Harden Off Your Plants, Not Yourself: Farming, Food & Social Justice

picking strawberries

You know those growing pains you had as a kid?  I remember when they woke me up in the middle of the night, and my mom would rub my aching legs to get me back to sleep.  I do the same for Waylon now.

Right now, I’m in a season of growth.  

Lots of learning.  Reading.  Listening.  Reflecting.  Finding ways to take action.

Except this time, I’m not growing taller.  This time, I’m wading through the centuries of pain caused by structural and personal inequality and racism.  

At Good Heart Farmstead, our mission is to make local food accessible to all people.  

But as I go deeper into the history of the US, I’m learning about the history of stealing land from both Native Americans and Black farmers.  

I’m learning about holidays like Juneteenth, which I was never taught.  (Did you know that black people were enslaved in Texas for 2 ½ years after the Emancipation Proclamation was signed?  Two and a half years.)

I’m learning that food access and equity mean land access and equity, too.

Waking up to the depth of our history is uncomfortable.  It’s also how we grow.

Because the thing about growth is this: you can’t avoid the pain.

Discomfort and stress are part of transformation.  Even with plants, there’s a hardening off time to transition them from the greenhouse to the field.  

While plants harden off, the growth I’m in is about softening.  

It’s about going to the heart of pain and loss and violence and inequality and touching it all.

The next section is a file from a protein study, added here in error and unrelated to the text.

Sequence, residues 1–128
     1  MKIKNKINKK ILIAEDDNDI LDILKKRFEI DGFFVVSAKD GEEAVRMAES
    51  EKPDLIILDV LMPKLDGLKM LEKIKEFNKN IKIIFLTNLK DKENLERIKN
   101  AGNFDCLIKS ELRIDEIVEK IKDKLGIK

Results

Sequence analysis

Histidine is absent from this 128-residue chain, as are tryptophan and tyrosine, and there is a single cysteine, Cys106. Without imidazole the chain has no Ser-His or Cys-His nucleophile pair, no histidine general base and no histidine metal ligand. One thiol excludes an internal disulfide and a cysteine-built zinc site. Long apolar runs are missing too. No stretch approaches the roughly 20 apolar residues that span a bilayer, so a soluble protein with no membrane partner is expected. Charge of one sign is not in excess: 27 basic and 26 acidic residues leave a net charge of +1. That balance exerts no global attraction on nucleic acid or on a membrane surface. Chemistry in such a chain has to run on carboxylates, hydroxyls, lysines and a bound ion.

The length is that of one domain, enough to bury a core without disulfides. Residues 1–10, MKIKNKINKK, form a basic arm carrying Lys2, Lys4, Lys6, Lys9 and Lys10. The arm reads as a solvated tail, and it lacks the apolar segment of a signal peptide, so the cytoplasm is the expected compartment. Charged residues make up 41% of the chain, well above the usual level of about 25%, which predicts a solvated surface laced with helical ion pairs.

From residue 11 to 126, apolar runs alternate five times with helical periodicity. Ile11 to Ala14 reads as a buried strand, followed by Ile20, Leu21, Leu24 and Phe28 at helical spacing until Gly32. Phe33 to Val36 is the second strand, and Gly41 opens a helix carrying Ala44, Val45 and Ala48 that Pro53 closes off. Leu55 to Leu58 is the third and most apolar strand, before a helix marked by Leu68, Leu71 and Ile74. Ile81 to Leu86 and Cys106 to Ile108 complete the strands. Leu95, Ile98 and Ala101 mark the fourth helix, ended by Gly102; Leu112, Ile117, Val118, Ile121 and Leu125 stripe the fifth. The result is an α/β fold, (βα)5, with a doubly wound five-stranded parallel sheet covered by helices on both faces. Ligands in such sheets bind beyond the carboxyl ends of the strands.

It’s about going into the heart of it and seeing where love and joy and persistence still lives and touching those, too.

Just as my mom would massage my legs as a kid with growing pains, healing and growth require showing up, offering our hands and care even when we know we can’t take the pain away.

Caring begins with understanding.  Getting close.  Opening up.

Here’s what I’m reading right now:

An Indigenous People’s History of the United States — I’ve been listening to this audiobook in the field, and the other day Waylon asked, “why are you listening about so much war?  That’s not who you are.” 

“Yes, my love, but I was never taught this in school, and I need to learn it now.”  He was shocked that school didn’t teach me the full history, so we’re adding Abenaki history to our homeschool curriculum.

Here’s what I’m listening to:

Where Regenerative Agriculture Gets It Wrong, and What We Can Do About It

Brene Brown with Ibram X. Kendi and Austin Channing Brown

Here’s where I’m donating:

Northeast Farmers of Color Land Trust

Until Freedom

If you’re able, consider setting up a monthly donation.  Even a small amount makes a difference.

And finally, on The Good Heart Life, two posts to read in case you missed them:

Do Not Fear The Opportunity To Do Better

Organic Farming, Reciprocity, and Becoming Indigenous – What I’m Learning from the Abenaki

Whew.  I know that’s a lot of links, and that’s just a tiny fraction of resources out there to help us learn, offer support, and take action.

I’ll leave it here for now.  If you’d like to share organizations, books, or people to learn from, post them in the comments below.

And let me know: 

What are you reading right now?  What action (small or large) can you take to help grow positive change? 

2 thoughts on “Harden Off Your Plants, Not Yourself: Farming, Food & Social Justice”

  1. I’m in the same boat with you, Kate! I’ve got audiobooks Me and White Supremacy and I’m Still Here in the holds queue at the library so I can listen in the car on my drive to my farm since I’m never sitting and reading this time of year. And yes to the soft heart. Thank you for sharing these kind words of strength.

    1. Thanks, Sue! Audiobooks in the field are my go-to for continual learning. Here’s to soft hearts and planting seeds.

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